Leaman nags, Haymore graduates
By Matt Vautour, The Daily Hampshire Gazette Staff Writer, 5/26/2001

There aren't many coaches whose graduation rate is still improving 22 years after they've left the sidelines, but former University of Massachusetts coach Jack Leaman can add one more to his long list of former players with degrees.

Mark Haymore, who finished his UMass playing career in 1979, will graduate Sunday.

Haymore, 44, has a basketball resume that spans four continents, and now a successful local painting business. On Sunday he'll have a bachelor's degree in sports management, an achievement he began working on 27 years ago.

Haymore's academic career has been a long one. A native of Cleveland, Ohio, the 6-foot-8 Haymore began his career at Indiana, where he played for two years and picked up a national championship ring in the process.

But tired of Knight's approach to basketball, Haymore decided to head elsewhere. Coming out of high school, Haymore was a high-profile recruit with an abundance of college offers, but upon departing Hoosierland, he found interest in him lacking.

He met Ray Wilson, a former Leaman assistant who had just become the head coach at Davidson. Wilson contacted Leaman and thought Haymore might be a good fit at UMass.

Photo
Mark Haymore
After traveling to Amherst to visit with Leaman, Haymore enrolled at UMass and began what has been a 24-year friendship with the coach.

"Coach Knight killed my love for the game," Haymore admitted. "Coach Leaman helped bring it back. Coming here, I couldn't imagine a coach that didn't scream and shout and throw water bottles. It really showed me you could get it done like that.

"What I got most from Coach Leaman is talking to people like they're people," Haymore continued. "I just liked the respect that he gives you automatically. He's a very fair person."

He played two years for the Minutemen under Leaman. He led UMass with 17.1 points and 10 rebounds per game as a senior. His 57 percent career shooting is the second best percentage in the school's history, behind only Will Herndon.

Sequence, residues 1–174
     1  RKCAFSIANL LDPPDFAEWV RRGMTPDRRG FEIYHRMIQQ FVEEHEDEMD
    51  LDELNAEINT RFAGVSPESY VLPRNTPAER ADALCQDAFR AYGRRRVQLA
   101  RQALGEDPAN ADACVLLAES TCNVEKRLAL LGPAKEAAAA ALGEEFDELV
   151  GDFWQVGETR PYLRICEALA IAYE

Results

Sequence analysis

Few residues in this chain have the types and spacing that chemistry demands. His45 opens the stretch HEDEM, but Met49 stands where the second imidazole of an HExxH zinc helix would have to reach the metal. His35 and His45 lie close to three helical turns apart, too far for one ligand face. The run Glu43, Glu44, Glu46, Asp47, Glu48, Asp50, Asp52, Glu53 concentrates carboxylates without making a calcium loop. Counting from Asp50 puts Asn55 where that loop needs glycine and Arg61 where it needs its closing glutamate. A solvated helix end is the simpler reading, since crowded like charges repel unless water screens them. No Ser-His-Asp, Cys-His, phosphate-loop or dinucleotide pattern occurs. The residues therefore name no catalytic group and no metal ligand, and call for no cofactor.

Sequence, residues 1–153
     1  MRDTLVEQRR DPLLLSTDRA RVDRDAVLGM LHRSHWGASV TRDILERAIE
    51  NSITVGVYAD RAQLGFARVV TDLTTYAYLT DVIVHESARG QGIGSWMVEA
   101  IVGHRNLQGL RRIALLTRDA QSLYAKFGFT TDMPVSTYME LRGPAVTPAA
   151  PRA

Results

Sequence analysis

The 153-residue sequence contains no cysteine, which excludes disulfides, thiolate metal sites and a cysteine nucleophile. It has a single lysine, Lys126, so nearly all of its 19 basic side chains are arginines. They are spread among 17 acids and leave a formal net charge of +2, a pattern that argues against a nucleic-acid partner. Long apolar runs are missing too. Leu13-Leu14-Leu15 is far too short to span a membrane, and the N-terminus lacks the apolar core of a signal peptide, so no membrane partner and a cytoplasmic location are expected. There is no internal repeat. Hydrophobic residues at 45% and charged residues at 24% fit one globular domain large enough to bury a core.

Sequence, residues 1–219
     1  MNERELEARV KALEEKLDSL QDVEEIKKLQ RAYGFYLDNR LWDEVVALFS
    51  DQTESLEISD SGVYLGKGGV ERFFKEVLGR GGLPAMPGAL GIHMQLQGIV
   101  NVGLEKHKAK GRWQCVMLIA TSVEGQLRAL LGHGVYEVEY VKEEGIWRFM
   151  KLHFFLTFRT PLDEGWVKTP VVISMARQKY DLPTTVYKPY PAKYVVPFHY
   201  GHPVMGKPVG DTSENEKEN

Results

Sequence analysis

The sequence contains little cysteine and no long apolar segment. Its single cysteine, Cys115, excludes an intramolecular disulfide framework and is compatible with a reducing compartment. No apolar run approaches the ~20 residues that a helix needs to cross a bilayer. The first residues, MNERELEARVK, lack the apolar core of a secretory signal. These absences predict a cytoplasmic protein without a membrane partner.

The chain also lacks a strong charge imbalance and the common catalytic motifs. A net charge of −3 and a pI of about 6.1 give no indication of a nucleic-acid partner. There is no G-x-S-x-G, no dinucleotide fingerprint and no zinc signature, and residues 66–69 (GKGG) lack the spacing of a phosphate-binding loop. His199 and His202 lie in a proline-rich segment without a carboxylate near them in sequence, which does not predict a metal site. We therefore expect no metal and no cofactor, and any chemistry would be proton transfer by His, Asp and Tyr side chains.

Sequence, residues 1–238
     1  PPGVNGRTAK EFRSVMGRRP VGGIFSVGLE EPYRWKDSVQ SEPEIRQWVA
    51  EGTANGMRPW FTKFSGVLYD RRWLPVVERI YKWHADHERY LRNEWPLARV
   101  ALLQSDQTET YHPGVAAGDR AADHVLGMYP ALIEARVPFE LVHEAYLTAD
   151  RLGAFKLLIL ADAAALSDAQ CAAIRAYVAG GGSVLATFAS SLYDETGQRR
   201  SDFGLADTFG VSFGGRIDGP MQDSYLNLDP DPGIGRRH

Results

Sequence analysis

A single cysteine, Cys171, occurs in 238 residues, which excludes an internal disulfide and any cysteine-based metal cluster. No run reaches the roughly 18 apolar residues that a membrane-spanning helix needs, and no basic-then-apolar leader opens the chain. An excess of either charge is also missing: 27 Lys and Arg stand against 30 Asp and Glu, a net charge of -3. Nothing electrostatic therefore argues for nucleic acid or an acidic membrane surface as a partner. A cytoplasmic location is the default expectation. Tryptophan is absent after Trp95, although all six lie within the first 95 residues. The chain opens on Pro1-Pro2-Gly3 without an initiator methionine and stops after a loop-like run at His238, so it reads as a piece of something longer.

Haymore was drafted in the eighth round by the Cleveland Cavaliers, but was cut in the preseason, pushing him overseas. Haymore's travels bounced him all over Europe, and South American and Asia as well.

"It would be easier to list the places I didn't play," he said. "I didn't play in Spain, Luxembourg and Finland, but I played just about everywhere else."

When he came home, Haymore decided to complete his degree requirements and was on track to do so, before suffering a heart attack while playing in a pickup game at UMass' Boyden Gym.

"Coach Leaman was unbelievable coming over. Calling up, (asking) 'Hey, do you need anything?' Doing stuff that he didn't have to do," Haymore recalled.

He was divorced shortly afterward and between paying medical bills and lawyers. Haymore had to trade his books in for a paint roller to make some money.

"I went into business, painting seven days a week for about five years, so I could get everybody paid," Haymore said.

He got himself paid too. Roll-It Right, his interior painting company in Springfield, has been successful, but there is one problem.

"I have a flourishing business, but I'm sick of it," he said. "I have dreams of selling my spray equipment and driving my van off a cliff without me in it. It's a shame I don't want to do it anymore. I'm good at it. The business runs. I don't have to worry about clientele, but I never thought I'd hate it this much."

Haymore ran into Leaman on a regular basis and his now-retired former coach would keep pushing him to get back into the classroom.

"I was a nag," Leaman admitted, laughing a little. "He knew whose office to come to when he needed a little kick in the butt."

"I'd see him in town and he'd say, 'Hurry up and finish. Life's passing you by. You already lost a lot of time. Do it for your kids,'" said Haymore, who has two daughters in their 20s and a 14-year-old son.

Two years ago, with his health and finances in order, Haymore resumed his degree pursuits, fitting classes and studying in around a busy work schedule.

This month Haymore finished, completing Sociology 381 to earn his cap and gown.

Haymore is exploring the possibility of getting into college coaching, but he is aware of how difficult breaking in can be, and is considering other options as well.

"I'm so tired of smelling like paint. I'm capable of more. I want to wear a tie. I want to look nice. I want to drive a car, not a truck," Haymore said. "I lived in Europe for so long, ideally I'd like to get a job that forced me to travel. I'd like a job that not just anybody can get."

Leaman is proud. "He's a terrific guy," he said. "I'm very happy for him. Every kid that goes through your program is like a son. You're happy when they do well. Waiting that long makes it all the sweeter. It's something that should give him pride in himself. I'm very happy he did it. I'm very proud of him."

Haymore returned Leaman's warmth. "He's a great guy. He was a great coach," Haymore said. "I'm just glad to be one of his guys."

At 6-foot-8, Haymore will stand out above most of his fellow graduates who pile into McGuirk Stadium to hear Kelsey Grammer's commencement speech. But Haymore said his merry-making will be at a minimum.

"Partying and celebrating, that's nice if you're 22," he said. "But I'm 44. I want a job. Give me a job, then I'll celebrate."


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